‘Longmire’ Back in the Saddle on Netflix



Back in August 2014, A&E Network announced to an outraged fanbase that they were cancelling Longmire, a show that consistently pulled in viewing figures of around 5.6 million each week but Netflix has said that the cowboy detective is back in the saddle and they don’t care how old the demographic is that watches the show. The Arts and Entertainment channel stated that they were “cleaning house” and getting rid of shows not produced by them. The truth was that the viewing audience were too old for the network.

The original home of Longmire has a targeted demographic of 18 to 49 and the fact is that the mystery show had viewers around 60 years of age. Since television works around advertisers who sponsor and support networks and viceversa. Since the targeted audience was not being catered to, despite the show being a clear hit, A&E cancelled the series after season three ended on a cliffhanger where Walt Longmire had started off to catch the person who murdered his wife.

Starring Australian actor Robert Taylor, Katee Sackhoff and Lou Diamond Phillips, Longmire is based on the books by Craig Johnson and set in Wyoming. The show and the books have dealt heavily with Native American issues, traditions and their interaction with the community. The series was shot in New Mexico and fans did not seem to mind the disparity in location. Before the cowboy cop was put back in the investigative saddle by Netflix fans took to the Internet to express their disappointment and outrage.

At least one star of the show expressed his disgust at the decision by A&E to cancel the Warner Horizon Television produced series. Lou Diamond Phillips who got onto his account to tweet that the Arts and Entertainment channel may want to rethink their name. The network maintained publicly that the reason the show was axed was down to the fact that they wanted more control over the programs that they aired. It was pointed out by outside agencies that A&E were cutting down on all the scripted shows on their channel, mainly because of cost. Reality shows are much cheaper to produce and the number of reality TV shows versus scripted proves there may be some validity to that claim.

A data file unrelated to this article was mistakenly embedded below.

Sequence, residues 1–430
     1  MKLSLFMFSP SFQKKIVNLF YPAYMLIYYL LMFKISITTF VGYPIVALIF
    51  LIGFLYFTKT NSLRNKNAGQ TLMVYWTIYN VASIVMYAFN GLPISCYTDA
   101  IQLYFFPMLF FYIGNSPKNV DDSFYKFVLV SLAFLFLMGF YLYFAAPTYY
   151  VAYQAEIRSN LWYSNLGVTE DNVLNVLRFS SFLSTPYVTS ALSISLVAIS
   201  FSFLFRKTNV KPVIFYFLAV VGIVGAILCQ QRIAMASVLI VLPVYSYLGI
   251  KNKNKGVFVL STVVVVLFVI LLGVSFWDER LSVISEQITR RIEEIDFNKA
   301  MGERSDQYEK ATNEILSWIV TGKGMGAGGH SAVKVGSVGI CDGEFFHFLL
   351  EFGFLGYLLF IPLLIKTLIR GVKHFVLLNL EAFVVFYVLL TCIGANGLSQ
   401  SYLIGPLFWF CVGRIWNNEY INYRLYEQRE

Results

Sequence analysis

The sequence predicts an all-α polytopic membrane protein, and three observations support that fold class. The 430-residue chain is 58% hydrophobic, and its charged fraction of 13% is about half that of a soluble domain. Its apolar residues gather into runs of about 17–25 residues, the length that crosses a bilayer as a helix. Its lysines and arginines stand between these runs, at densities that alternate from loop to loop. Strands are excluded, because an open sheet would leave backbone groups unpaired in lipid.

Warner Horizon Television did not take the cancellation of Longmire setting down, the production company immediately began looking for another network to take over airing their hit show. Cindy Holland, the vice president of original content for Netflix pointed out, in their official announcement that they would be taking over airing the show, something that the older fanbase knew already, that the cowboy mystery cop show consistently delivered unique and great television.

According to The Washington Post, the fourth season, that fans were doomed to never see, will pick right up where that cliffhanging season three finale of Longmire ended. It has been rumored that the Wyoming lawman will finally learn who killed his wife. It has also been reported that all the main players, Taylor, Sackhoff, and Phillips, have put pen to paper and signed contracts for the next season of 10 episodes ordered by Netflix. The cop who works to solve crimes on and off the reservation is back in the saddle again, and this time it does not matter how old the fanbase is.

By Michael Smith




The Washington Post

Guardian Liberty Voice

3 thoughts on “‘Longmire’ Back in the Saddle on Netflix

  1. I’m thrilled, along with the rest of the Longmire Posse. I already subscribe to Neflix, so it is perfect for me. I feel bad for folks with slow internet who cannot stream video, and of course we may all be in that boat if net neutrality goes down, but for now…I’m really happy!

  2. Thank goodness there are executives at Netflix who recognize quality entertainment. Streaming is perfect for both Longmire and its fans (many of whom did fit into the desired demographic). It isn’t age but the demand for quality that sets the Longmire fans apart. This is a well written ably acted drama that draws a diverse audience who knows excellence when they see it.

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